The panel that will decide Charlotte-Mecklenburg police officer Wes Kerrick's fate won't reflect Mecklenburg County's diversity, says the Charlotte Observer. The trial will decide whether Kerrick used excessive force when he shot and killed Jonathan Ferrell in 2013. Kerrick is white and Ferrell was an unarmed black man. African Americans make up nearly a third of the county's population, so the jury would need four black members to mirror county demographics. It now has two African Americans, and there's only one remaining seat. So far, the group includes seven whites, two Hispanics and two black women, but no black men.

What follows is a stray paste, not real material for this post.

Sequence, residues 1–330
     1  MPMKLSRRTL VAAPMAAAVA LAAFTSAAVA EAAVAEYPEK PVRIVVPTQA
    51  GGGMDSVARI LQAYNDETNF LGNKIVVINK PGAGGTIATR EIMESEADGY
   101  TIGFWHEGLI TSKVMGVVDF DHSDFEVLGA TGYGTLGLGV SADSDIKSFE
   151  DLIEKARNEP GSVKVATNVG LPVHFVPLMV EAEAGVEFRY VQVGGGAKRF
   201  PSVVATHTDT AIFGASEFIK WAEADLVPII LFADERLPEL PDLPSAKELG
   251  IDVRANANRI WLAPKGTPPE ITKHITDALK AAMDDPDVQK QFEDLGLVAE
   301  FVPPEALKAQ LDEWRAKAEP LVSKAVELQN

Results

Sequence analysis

African Americans historically have been underrepresented on U.S. juries. That trend persists today, experts say, and a new Charlotte Observer analysis suggests it holds true in Mecklenburg County. No law requires a jury to reflect a community's demographics, and a jury doesn't have to be diverse to be fair. Experts say one argument for diversity is that it increases public confidence in a verdict. They say another reason might be more compelling: Diversity creates better juries. Members of mixed-race juries deliberate longer, bring up a broader range of ideas and make fewer errors than all-white juries, says Cornell University Law Professor Valerie Hans, co-author of “American Juries: The Verdict.” She says, “In general, the diversity of views strengthens the group's ability in fact-finding. Not only do they have different information and perspectives, they don't take other people's word for it. You have people really testing your claims.”